She’s Real Fine: 1962 Chevrolet Impala 409/409 Sport Coupe 4-Speed

  • September 23, 2020
Why We Like It

While Chevrolet’s “Tri-Power” 348ci V8 was the scourge of America’s dragstrips and a tough performer on NASCAR ovals during the early 1960s, heavier artillery was necessary to keep ahead of the competition. Dubbed Regular Production Order (RPO) 580, additional firepower for the faithful came on December 17, 1960 – the first of Chevy’s soon-to-be fabled 409ci high-performance engines. Designed with all the right stuff built right in, the new 409 looked like its predecessor, but was based on an entirely new engine block, and it was released alongside Chevrolet’s new ‘SS’ Super Sport appearance option, giving full-size Chevrolets more than enough power to back up their new, performance-oriented persona. Early 409s were earmarked for NASCAR first, and drag racers were forced to wait for the new engines until after the Daytona ‘500’ was completed. Top Chevy drag racers, including Dave Strickler and “Dyno” Don Nicholson built their reputations with the legendary 409 and it soon became a pop icon as the subject of the Beach Boys’ 1962 hit song “409.” Racing and hard street use claimed many 409-equipped Chevrolets over the past 55 years and good, solid examples are always in demand today.

shes-real-fine-1962-chevrolet-impala-409-409-sport-coupe-4-speed00404 5S9VsaebeKv 0MM132 1200x900Featuring a legendary 409 V8 with 409 rated horsepower and proper 1962 date code and the telltale ‘QB’ code denoting it left the factory with a manual transmission, this 1962 Chevrolet Impala carries the unmistakable vibe of a hot 1960s street machine. Riding on a set of steel wheels mounting clean, chrome “baby moon” hubcaps, this Impala is an original Code 950 Tuxedo Black car that left the factory with a white roof finish and Code 874 red interior. The 409/409 motor was cast on January 18, 1962 and is the product of Chevrolet’s “Number 1 Team” at the Tonawanda, NY engine plant – Chevrolet’s only 409 engine plant back in the day. The seller advises that the carburetors are original dual Carter AFB four-barrels and the engine is equipped with upgraded Pertronix ignition and ceramic-coated exhaust manifolds feeding a dual exhaust system with a crossover pipe and Flowmaster mufflers. A later-model Muncie M21 4-speed manual transmission sends the 409’s power to the street, while handling is tightened with KYB gas shocks and braking is improved with power front disc brakes as well as old-school mechanical water-temp and oil-pressure gauges monitoring vital functions. The seller states the Impala retains original, corrosion-free sheet metal and the car is in superior overall condition with correct seats, carpeting, door panels, headliner, sun visors, and rubber floor mats. Modern amenities include a remote sound system that is discreetly mounted underneath the front seat and security provided by Lojack. Period style T-3 headlights and correct year-of-manufacture yellow California plates round out this cool performer.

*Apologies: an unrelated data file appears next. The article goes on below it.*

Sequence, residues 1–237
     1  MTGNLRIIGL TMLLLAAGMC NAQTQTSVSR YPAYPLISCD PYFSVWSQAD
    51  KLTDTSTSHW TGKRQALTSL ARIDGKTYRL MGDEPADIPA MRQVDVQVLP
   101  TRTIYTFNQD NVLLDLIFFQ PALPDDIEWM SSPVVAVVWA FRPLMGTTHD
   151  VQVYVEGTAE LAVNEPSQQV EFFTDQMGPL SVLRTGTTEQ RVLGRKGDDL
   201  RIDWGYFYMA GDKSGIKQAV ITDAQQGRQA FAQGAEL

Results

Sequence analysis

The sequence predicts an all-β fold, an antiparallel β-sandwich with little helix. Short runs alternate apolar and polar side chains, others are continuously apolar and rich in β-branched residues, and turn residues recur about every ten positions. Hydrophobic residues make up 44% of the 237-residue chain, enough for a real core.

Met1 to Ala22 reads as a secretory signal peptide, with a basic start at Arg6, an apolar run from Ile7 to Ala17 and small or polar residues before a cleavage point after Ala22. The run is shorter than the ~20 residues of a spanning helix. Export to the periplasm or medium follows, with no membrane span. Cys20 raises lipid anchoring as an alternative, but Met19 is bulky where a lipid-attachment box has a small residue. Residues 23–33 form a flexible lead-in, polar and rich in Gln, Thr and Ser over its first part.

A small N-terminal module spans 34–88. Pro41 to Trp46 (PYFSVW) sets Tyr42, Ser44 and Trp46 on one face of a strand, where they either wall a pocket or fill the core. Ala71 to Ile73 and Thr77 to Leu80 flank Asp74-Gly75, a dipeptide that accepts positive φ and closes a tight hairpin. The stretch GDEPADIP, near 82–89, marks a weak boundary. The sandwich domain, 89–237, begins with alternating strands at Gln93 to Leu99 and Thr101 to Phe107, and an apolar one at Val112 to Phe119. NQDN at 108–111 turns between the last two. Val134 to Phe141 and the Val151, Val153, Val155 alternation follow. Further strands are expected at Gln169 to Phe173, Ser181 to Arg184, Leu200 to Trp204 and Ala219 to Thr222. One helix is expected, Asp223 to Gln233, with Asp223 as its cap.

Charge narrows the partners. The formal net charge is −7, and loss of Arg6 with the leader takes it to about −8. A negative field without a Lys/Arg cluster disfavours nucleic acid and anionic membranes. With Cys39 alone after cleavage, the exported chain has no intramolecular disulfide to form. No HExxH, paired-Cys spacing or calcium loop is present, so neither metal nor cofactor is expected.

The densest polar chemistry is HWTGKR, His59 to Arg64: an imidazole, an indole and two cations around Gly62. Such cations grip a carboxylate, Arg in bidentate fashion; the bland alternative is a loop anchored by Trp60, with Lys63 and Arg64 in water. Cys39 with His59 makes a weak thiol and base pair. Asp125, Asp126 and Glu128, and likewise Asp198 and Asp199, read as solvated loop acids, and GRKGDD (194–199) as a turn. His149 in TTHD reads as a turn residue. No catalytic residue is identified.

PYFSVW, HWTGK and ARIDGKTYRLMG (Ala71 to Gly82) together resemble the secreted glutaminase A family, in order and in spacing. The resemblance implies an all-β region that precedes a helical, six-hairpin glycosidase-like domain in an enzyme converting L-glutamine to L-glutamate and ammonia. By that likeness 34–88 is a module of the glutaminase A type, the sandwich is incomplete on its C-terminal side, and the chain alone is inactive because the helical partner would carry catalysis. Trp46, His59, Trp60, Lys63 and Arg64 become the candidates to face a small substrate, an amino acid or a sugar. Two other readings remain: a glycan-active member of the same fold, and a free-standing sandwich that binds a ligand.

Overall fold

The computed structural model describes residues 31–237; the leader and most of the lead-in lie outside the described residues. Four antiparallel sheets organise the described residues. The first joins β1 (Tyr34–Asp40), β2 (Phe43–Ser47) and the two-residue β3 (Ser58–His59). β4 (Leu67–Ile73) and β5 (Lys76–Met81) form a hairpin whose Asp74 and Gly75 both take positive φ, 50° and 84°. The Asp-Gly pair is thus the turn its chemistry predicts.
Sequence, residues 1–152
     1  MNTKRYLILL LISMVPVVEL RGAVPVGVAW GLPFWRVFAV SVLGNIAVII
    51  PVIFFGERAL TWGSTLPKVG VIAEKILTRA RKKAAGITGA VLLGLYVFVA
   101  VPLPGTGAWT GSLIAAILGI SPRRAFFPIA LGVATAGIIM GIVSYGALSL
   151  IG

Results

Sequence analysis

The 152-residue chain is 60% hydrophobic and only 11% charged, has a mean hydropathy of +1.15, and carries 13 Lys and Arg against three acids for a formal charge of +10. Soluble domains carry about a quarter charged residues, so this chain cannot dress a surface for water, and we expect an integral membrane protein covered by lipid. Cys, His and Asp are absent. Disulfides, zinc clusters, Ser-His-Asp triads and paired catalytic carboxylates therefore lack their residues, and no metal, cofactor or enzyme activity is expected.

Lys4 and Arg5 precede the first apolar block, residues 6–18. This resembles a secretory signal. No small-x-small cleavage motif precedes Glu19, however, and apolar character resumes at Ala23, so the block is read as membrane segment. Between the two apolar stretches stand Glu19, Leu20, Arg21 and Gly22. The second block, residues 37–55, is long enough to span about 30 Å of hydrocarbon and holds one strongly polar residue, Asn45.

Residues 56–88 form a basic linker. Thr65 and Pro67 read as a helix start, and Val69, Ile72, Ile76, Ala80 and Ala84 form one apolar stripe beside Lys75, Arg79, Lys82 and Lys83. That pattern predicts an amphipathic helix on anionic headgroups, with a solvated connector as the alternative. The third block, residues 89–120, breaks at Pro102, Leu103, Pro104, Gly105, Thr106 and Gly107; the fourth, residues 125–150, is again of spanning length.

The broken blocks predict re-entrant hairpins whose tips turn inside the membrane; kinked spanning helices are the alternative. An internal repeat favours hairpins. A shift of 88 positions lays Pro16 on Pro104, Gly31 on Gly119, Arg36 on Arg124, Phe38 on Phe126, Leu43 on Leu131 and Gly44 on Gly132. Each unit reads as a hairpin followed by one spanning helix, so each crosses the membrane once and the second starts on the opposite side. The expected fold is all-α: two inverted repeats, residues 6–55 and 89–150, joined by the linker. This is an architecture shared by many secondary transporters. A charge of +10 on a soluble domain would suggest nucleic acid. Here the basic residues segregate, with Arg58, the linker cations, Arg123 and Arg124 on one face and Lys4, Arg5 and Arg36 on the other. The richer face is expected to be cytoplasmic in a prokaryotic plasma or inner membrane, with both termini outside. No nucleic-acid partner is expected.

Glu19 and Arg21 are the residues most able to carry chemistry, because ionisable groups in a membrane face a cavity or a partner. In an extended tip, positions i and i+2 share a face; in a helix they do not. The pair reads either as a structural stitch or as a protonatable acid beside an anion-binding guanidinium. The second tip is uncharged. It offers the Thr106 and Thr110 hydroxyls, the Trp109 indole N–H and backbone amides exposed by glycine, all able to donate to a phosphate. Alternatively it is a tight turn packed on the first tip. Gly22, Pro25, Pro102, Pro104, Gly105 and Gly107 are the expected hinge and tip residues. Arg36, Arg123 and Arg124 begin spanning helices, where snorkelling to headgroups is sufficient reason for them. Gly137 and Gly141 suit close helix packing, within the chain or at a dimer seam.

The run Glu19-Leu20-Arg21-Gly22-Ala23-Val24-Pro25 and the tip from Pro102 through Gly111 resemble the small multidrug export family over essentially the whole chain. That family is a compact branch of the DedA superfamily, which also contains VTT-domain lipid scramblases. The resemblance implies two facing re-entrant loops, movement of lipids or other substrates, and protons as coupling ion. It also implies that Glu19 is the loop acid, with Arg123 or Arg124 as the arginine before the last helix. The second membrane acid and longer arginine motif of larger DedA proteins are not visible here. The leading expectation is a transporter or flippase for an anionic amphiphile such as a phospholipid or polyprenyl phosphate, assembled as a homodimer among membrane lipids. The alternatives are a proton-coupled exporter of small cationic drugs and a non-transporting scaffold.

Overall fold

The mighty 409 was available on virtually any full-size Chevrolet when new and total production is not known, compounded by the 409’s availability in several levels of tune from the factory. Having said that, Hagerty currently values a 409/409 Impala 2-door Sport Coupe from $46,800 for a #4 Driver to $117,00 for a full-on #1 Concours car, making this clean, well equipped Impala a relative bargain for the asking price. If you’re looking for a hot early-1960s muscle car with classy good looks and thoughtful upgrades for an enjoyable drive and plenty of passenger space for friends and family, take a look at this 1962 409/409 Impala before it’s gone!

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